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Doctrine of God - Omniscience and Wisdom Print E-mail
The Doctrine of God
Sunday, 02 March 2008

I.  Introduction:

 Once again we can begin with a question: how smart is God?  (I hope you are beginning to see a pattern with these questions.)  Of course God is the smartest of all.  He is all-knowing and all-wise.  The term ‘omniscience’ means ‘all-knowing.’  Before we dive into these two attributes let me say a word about their difference.  As we have seen before, these two are closely related.  Yet, the difference that I would note would be that omniscience refers to knowledge, while wisdom can refer to the application of that knowledge.  God not only knows everything, but He knows how to faithfully apply that knowledge in every situation to accomplish His perfect plans.  This is not exact, but can help us differentiate between the two.  Let’s now consider the Baptist Faith and Message.

II.  The Baptist Faith and Message:

 In the general section on God, the BFM says that God is an “intelligent” being.  It goes on to affirm that God is “all knowing; and His perfect knowledge extends to all things, past, present, and future, including the future decisions of His free creatures.”  This last phrase specifically combats a theological error that has crept up in our day, namely ‘Open Theism,’ which teaches that God does not know the future decisions of His free creatures.  Likewise, the statement on God the Father says that He is “all knowing…and all wise.”  Thus, the BFM affirms the omniscience and wisdom of God.

III.  Passages:

 A.  Omniscience:
  1.  Psalm 90:8 I probably should not have started with this passage, but it was the first in the text, so we will begin here.  The Lord knows even our secret sins.  There is nothing that we do that He does not know.  Of course, the glorious good news is that even so, He still shows us favor and establishes the work of our hands (see v. 17 and the rest of the psalm).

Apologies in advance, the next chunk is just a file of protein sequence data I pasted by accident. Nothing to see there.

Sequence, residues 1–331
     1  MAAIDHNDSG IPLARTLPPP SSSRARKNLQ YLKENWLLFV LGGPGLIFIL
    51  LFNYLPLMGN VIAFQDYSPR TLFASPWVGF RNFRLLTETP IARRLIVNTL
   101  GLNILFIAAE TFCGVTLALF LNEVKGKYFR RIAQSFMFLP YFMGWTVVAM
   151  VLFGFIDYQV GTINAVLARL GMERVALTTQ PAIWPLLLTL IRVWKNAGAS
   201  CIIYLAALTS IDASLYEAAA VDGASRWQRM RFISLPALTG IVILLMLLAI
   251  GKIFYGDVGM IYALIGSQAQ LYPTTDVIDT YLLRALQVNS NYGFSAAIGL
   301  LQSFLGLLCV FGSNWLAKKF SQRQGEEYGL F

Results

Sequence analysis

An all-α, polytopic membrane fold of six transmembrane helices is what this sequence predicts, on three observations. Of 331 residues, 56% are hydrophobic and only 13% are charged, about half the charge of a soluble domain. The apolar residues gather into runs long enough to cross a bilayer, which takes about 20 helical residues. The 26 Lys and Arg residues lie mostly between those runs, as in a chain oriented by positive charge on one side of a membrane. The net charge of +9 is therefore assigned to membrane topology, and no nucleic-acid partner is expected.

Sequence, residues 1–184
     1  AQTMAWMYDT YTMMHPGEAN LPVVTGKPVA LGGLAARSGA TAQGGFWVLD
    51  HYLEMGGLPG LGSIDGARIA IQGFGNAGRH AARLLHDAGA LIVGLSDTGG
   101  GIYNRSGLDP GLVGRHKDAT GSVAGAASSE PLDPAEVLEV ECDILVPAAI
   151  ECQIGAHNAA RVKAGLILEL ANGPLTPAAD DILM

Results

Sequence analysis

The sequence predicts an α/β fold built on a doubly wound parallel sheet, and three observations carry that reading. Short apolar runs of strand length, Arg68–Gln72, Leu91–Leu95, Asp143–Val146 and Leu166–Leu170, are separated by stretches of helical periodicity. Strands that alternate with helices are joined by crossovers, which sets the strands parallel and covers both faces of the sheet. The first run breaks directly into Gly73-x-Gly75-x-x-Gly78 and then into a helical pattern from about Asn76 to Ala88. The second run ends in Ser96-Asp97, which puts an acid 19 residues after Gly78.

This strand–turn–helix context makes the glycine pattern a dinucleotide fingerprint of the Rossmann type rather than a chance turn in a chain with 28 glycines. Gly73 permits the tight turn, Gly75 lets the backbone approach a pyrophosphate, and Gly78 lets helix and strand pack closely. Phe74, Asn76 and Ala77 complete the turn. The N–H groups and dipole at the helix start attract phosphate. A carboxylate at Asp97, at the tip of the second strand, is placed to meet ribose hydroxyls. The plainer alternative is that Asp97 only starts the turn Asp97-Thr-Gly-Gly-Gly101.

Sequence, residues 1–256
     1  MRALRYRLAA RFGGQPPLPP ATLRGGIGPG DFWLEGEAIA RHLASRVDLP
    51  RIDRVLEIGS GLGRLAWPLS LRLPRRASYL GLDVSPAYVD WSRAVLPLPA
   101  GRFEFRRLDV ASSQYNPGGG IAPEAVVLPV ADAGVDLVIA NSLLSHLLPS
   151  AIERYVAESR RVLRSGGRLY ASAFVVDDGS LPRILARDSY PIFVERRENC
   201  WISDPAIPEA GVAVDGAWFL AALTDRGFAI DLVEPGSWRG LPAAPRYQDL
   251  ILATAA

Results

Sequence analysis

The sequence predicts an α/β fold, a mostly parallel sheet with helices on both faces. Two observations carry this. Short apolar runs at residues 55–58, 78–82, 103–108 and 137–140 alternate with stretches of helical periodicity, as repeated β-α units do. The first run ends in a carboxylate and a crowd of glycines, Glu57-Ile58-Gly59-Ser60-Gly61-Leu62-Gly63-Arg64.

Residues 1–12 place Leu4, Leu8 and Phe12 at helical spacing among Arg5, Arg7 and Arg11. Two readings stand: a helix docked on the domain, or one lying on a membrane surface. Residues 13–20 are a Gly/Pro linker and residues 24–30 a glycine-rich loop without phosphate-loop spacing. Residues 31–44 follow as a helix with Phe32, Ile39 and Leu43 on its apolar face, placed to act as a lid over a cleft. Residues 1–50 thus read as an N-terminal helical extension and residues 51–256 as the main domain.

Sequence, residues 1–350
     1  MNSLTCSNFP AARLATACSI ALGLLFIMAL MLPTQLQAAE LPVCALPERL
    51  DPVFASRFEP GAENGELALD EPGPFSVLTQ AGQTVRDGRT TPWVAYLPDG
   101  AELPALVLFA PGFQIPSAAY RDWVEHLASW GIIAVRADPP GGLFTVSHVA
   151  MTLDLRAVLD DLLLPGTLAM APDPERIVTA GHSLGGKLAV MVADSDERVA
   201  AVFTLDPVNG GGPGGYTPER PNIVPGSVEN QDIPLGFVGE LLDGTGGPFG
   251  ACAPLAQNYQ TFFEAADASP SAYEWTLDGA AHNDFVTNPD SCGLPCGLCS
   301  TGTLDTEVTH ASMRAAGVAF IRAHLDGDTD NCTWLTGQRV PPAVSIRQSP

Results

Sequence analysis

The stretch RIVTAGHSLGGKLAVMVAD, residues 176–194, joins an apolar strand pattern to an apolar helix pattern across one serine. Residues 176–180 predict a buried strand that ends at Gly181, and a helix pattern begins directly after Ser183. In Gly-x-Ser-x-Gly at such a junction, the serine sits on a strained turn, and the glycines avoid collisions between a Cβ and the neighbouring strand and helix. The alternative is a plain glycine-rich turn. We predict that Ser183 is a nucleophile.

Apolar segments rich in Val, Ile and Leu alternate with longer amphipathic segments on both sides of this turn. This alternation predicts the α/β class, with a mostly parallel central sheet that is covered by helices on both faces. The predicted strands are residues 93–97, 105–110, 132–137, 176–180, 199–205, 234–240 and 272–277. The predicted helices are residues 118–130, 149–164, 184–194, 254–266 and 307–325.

2.  Psalm 139:1-6, 16 The psalmist again affirms that God knows everything about us.  Whether we sit down, or rise up, He knows.  He knows our thoughts and all our ways.  He knows what we are going to say before we say it.  The Lord knows all of this and more.  Indeed, His knowledge is too wonderful for me; it is high; I cannot attain it.  Likewise, in verse 16 the psalmist teaches that God knows all our days even before they came to be.
  3.  Psalm 147:5 Again we see the psalmist affirming that God’s understanding is beyond measure for He knows all things.
  4.  Isaiah 40:13-14 (Romans 11:34) Isaiah teaches us hear that the Lord is always the teacher and never the student.  There is nothing that we or anyone can teach God because there is nothing that He does not know.  After speaking of God’s glorious plan of redemption in Romans 1-11, he concludes with praise, borrowing these words from Isaiah.
  5.  Matthew 6:8 Jesus teaches us that God knows what we need before we even ask Him.  Thus, we can confidently bring all our needs to the all-knowing Father.
  6.  Matthew 10:29-30 The Lord knows all great things and all small things.  There is nothing too insignificant for Him to know.